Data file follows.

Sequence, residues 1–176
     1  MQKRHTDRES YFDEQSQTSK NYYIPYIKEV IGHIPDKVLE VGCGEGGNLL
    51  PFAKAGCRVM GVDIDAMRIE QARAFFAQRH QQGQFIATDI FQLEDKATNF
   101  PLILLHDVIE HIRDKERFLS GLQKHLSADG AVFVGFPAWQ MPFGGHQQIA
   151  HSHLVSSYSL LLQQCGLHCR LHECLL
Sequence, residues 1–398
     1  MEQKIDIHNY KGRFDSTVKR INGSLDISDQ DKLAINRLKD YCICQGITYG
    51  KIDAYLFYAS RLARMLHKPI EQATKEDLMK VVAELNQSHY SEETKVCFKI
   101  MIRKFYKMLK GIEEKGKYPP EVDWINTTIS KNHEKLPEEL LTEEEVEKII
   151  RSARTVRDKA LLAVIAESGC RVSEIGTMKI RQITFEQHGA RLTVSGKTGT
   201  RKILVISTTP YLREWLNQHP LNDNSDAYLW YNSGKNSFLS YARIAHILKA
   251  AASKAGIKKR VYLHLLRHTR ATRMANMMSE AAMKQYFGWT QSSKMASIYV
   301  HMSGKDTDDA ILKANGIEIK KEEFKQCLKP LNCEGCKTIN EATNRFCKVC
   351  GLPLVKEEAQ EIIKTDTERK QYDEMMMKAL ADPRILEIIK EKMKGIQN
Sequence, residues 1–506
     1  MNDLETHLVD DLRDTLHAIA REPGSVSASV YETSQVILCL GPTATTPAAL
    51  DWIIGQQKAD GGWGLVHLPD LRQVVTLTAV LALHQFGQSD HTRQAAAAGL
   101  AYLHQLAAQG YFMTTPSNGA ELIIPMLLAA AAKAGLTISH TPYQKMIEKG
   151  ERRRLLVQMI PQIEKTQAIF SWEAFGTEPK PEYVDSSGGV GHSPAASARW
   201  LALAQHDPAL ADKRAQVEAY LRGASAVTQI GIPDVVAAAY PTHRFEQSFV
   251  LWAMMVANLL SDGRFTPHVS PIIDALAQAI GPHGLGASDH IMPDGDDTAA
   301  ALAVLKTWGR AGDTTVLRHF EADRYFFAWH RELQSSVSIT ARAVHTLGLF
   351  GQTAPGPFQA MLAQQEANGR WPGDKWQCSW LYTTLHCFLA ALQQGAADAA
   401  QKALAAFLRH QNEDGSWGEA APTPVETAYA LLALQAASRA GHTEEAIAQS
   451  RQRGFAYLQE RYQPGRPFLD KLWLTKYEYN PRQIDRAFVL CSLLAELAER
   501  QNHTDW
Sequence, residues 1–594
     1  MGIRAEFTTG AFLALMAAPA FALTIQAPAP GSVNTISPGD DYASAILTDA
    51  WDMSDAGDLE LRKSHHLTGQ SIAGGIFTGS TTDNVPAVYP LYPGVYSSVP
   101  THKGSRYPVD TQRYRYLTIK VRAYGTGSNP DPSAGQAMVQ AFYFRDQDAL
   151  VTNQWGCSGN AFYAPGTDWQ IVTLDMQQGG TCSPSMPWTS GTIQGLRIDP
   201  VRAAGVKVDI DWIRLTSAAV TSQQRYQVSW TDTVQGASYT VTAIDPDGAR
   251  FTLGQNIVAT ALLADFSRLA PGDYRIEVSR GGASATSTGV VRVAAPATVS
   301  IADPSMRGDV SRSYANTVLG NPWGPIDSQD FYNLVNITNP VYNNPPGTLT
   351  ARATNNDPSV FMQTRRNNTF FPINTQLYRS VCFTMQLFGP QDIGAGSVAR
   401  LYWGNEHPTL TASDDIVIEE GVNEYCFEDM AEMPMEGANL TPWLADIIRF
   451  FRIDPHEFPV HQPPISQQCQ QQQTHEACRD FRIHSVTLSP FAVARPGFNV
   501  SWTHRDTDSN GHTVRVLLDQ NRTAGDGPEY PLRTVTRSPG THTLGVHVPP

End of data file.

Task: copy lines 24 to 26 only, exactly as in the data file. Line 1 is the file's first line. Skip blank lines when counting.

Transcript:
   401  QKALAAFLRH QNEDGSWGEA APTPVETAYA LLALQAASRA GHTEEAIAQS
   451  RQRGFAYLQE RYQPGRPFLD KLWLTKYEYN PRQIDRAFVL CSLLAELAER
   501  QNHTDW